The phrase "sucker for" reveals someone's soft spot or particular fondness for something, suggesting an almost irresistible attraction or weakness towards it. It's like saying, "I can't help but love or fall for this." The expression can be applied in diverse scenarios, from personal tastes to broader life choices, signifying a person's vulnerability to specific allurements.
"Sucker for" refers to someone who cannot resist or has a particular fondness for something.
When someone says they are a "sucker for" something, they are expressing their irresistible attraction or weakness towards that thing. It could be a food, a movie genre, a type of music, or even a certain behavior.
The idiom has its roots in the American slang term "sucker," which historically referred to a person who is easily deceived or taken advantage of. Imagine someone gullible enough to be lured in by a con artist; that person was termed a sucker.
"Tell her even God's a sucker for a pair of pretty legs. Then laugh and show her what you mean by art. "
- An excerpt from Giants (1970) by Glenn Hardin.
Let's see the idiom in action:
The idiom has graced popular culture in various ways:
Multiple expressions convey the sentiment of "sucker for". Here's a list of alternatives:
The term stems from the slang "sucker" used in America, referring to someone easily deceived.
Yes, it can. The context determines whether it's positive (like a love for chocolates) or negative (like falling for scams).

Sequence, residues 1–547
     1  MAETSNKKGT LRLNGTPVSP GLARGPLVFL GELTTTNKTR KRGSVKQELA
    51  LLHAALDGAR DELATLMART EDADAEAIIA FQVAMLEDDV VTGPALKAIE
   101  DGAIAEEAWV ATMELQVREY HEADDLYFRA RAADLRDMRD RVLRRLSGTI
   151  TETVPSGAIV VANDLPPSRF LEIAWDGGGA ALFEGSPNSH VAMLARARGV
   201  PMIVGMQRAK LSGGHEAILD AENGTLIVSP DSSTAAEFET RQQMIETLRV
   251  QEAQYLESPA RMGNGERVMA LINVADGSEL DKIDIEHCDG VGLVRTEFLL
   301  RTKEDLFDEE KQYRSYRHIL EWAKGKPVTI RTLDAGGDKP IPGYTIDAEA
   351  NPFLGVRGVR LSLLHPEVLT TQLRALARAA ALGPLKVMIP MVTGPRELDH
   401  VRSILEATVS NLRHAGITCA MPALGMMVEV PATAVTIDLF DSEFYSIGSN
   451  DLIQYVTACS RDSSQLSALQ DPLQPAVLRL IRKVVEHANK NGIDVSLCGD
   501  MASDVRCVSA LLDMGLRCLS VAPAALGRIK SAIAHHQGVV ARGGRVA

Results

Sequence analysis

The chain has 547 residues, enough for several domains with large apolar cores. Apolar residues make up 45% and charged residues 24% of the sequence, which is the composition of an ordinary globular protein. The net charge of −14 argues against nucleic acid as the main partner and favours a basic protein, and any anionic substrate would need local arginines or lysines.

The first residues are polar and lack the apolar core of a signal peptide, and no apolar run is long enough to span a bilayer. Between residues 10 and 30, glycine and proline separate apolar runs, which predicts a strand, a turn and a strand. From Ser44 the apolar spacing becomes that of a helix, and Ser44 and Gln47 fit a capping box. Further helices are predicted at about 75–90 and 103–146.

While it originated as slang, it's become common enough to be used in less formal writing or conversation but may not be suitable for very formal contexts.
While widely understood in English-speaking cultures, it might need explanation in others.
Not necessarily. The tone can range from self-deprecating humor to a genuine expression of fondness.
Mostly, but it can sometimes be used for entities like companies or countries in specific contexts.
Yes, like "has a soft spot for" or "can't resist."
Yes, it's a common way to ask someone about their preferences or weaknesses.
Without the "for" context, calling someone a "sucker" might be seen as offensive, implying they're gullible.
Many languages have their own idioms expressing a similar idea, but the phrasing and context might differ.
"Sucker for" expresses a weakness or a strong fondness for something. Whether it's a chocoholic admitting they can't resist a dark chocolate bar, a music lover always falling for 80s jams, or someone simply acknowledging their soft spot for heartwarming stories, this is a handy phrase to use.
Here's a quick wrap-up: